It’s not often you find the two-time defending NBA champions coming into a playoff series as the underdog, but that’s the position many pundits and former players have put the Miami Heat in heading into Game 1 of the NBA Finals Thursday night.
The San Antonio Spurs had the better regular season record and own home-court advantage over the Heat. San Antonio finished the regular season with a 62-20 record compared to Miami’s 54-28 record. The Spurs put up that record while ranking in the top 10 of both offensive and defensive rating.
The two teams split two games played this season with each team winning on the others court.
Miami’s in the perceived underdog role because some believe the Heat lucked into a second-straight championship last year thanks in large part to a clutch Ray Allen three-pointer in Game 6 of the 2013 NBA Finals.
The court was already being roped off and Miami fans were leaving the arena when Allen hit one of the greatest shots in Finals history propelling the Heat to a Game 6 victory and an eventual championship.
Heat star Chris Bosh addressed the perception of being an underdog during a Thursday shoot-around.
“I like being the underdog,” Bosh told CBSSports.com. “I think the only time they expected us to win, we lost it (2011). So we’re right in our wheelhouse. I like having our backs against the wall, I know what these guys are made of. We don’t need that support.”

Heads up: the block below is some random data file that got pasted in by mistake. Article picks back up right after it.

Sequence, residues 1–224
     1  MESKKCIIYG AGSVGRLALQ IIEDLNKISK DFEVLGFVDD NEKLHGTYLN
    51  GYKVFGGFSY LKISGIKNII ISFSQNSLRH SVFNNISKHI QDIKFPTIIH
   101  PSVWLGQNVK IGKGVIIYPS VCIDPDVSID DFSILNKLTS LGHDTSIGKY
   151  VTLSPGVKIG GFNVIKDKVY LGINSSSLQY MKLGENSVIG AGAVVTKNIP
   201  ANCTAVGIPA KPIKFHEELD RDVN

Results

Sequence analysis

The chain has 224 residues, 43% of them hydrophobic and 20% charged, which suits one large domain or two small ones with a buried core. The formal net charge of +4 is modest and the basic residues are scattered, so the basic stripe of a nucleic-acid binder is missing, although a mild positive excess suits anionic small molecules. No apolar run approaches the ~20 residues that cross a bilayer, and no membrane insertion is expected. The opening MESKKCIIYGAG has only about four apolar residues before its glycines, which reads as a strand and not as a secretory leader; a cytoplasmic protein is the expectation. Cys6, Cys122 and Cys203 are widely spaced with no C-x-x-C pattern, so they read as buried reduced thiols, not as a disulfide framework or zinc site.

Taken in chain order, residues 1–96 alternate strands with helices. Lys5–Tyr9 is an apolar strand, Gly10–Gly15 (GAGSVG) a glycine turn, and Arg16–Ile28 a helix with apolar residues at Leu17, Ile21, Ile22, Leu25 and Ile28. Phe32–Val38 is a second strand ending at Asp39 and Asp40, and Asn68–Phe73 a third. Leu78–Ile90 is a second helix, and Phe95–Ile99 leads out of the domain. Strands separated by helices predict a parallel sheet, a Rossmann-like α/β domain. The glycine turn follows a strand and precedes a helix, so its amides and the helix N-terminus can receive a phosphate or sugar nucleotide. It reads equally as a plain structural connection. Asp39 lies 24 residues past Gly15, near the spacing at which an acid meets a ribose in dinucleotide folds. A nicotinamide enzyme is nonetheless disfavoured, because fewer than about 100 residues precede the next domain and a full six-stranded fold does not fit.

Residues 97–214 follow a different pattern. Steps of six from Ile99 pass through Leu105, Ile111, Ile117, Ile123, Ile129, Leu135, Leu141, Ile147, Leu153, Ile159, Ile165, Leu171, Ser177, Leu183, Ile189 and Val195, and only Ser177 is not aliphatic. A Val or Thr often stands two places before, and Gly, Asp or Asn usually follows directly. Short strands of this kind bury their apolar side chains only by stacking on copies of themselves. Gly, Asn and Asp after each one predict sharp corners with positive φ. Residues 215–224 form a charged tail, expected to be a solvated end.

For Miami, they’ve already achieved one place in history by becoming only the third franchise ever to reach four straight NBA Finals. But, that’s not what this Heat team wants to be remembered for; they want a third straight NBA championship.
To get that third straight championship, the Heat will have to recapture the passion they played Game 6 of the Eastern Conference finals with when they blew the Indiana Pacers out of the AmericanAirlines Arena.
If you’re looking for an early indicator of how the series may go, pay close attention to LeBron James and who guards him for the Spurs. Last year, Kawhi Leonard and Boris Diaw got into James’ head in the early part of the Finals.
LeBron shot just 38.9 percent in the first three games of last year’s Finals and Diaw held James in check to the tune of 3-21 shooting.
If James and the Heat can knock off the Spurs, it will be the proverbial passing of the torch as the Spurs’ dynasty would be almost complete and the Heat’s dynasty would be in high-gear.